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U.S. Government provides guidance on data centre recycling

Written by Fri 11 Jun 2021

The Biden Administration requested a number of governmental studies, to be conducted over the first several months of the new presidency.

Commonly known as a ‘100-day review’, these research and reports cover a wide variety of topics from the state of education, to transportation, and more.

The 250-page report, “Building Resilient Supply Chains, Revitalizing American Manufacturing, and Fostering Broad-Based Growth,” offers a number of insights and recommendations that are applicable to data centre operations, including guidance on recycling materials.

The Department of Defense (DoD) completed a review of the supply chain for critical materials and minerals, noting that these materials are important outside of military applications. According to the study, new technologies from autonomous vehicles to renewable energy have increased consumption of critical materials, noting, “A typical electric car requires six times the mineral inputs of a conventional car and an onshore wind plant requires nine times more mineral resources than a gas-fired plant. Since 2010, the average amount of minerals needed for a new unit of power generation has increased by 50 per cent as the share of renewables in new investment has risen.”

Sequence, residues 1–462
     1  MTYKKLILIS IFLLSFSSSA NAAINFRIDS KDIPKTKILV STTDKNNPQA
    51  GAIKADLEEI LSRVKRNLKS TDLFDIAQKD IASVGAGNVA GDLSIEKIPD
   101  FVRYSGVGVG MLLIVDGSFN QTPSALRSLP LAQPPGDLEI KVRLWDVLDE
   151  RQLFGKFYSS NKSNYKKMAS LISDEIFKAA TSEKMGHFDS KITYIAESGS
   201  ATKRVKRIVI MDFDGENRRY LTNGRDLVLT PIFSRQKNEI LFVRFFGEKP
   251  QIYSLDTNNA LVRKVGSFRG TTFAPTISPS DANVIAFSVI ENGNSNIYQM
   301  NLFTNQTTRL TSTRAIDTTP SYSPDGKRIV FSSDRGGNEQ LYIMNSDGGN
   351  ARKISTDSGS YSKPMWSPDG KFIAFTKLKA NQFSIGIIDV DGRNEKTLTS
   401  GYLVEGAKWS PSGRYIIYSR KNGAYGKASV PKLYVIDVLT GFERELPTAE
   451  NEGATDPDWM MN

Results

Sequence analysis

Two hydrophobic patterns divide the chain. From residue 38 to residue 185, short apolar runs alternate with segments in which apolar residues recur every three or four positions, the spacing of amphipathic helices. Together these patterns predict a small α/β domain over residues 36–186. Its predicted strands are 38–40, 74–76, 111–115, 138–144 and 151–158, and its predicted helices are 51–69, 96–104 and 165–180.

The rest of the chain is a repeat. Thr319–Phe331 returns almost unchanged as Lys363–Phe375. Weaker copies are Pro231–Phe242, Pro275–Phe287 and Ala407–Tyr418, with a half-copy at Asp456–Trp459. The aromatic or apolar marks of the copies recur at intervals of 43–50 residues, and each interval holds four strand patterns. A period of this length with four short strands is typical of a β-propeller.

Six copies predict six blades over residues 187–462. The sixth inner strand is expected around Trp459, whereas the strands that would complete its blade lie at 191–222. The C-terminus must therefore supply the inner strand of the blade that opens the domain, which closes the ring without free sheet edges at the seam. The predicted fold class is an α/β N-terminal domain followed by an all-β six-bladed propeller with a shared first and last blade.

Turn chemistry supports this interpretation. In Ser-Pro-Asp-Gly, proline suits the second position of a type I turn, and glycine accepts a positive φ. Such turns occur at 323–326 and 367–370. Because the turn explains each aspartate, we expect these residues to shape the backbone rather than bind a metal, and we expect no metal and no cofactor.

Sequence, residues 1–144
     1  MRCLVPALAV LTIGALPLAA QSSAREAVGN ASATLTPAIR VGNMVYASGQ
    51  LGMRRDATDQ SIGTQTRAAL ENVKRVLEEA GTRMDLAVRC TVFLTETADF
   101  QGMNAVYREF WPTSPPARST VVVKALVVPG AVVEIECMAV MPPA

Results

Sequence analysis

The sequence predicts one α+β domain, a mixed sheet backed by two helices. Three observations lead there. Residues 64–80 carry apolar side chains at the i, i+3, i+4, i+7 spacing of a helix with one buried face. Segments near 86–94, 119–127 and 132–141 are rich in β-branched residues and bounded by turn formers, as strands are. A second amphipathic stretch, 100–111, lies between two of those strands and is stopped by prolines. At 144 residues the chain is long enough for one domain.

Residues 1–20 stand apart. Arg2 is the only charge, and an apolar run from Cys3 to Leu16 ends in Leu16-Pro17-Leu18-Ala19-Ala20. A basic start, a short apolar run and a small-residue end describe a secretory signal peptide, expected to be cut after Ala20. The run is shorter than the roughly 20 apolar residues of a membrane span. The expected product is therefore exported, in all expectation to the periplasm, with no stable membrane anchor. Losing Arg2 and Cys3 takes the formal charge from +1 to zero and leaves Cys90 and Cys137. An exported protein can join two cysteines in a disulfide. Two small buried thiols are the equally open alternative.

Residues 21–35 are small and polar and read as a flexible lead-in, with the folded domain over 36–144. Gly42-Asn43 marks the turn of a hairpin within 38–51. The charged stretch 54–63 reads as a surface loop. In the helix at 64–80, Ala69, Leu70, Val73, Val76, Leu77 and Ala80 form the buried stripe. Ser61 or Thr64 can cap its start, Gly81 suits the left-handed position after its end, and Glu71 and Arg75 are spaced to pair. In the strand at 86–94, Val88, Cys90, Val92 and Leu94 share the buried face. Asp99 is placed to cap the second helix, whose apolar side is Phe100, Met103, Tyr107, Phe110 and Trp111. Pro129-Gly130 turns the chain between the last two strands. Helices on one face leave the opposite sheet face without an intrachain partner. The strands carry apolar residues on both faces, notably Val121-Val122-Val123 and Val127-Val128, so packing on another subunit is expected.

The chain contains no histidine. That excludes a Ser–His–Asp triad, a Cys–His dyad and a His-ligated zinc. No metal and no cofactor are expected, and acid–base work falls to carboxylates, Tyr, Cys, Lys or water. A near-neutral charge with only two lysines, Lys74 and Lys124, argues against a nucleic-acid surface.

As these technologies become more common, the need for critical materials and minerals will grow. To support this increased demand, the DoD recommends that companies – such as data centres – commit to recycling used hardware to reclaim materials from copper wiring to rare earth magnets. Even lithium-ion batteries, which are currently being explored as a possibility to replace less environmentally-friendly diesel generators, could be subject to recycling requirements for the data centre.

To encourage recycling, the DoD recommends incentives, which will cover updating legacy processes to optimize opportunities for recycling critical materials as well as initiating new processes, conducting inspections, and providing certifications of compliance.

Recycling used equipment would be led by the federal government, leveraging their own extensive data centre presence to model the new recommendations.

“The Federal Government should also lead by example by establishing a government-wide recycling program to reclaim strategic and critical materials,” the report states.

“For example, the US Government operates more than 4,000 data centres, which represent a near-term opportunity to leverage Federally-funded R&D to recycle rare earth permanent magnets from hard disk drives.”

Written by Fri 11 Jun 2021


environmentally friendly recycling renewable energy
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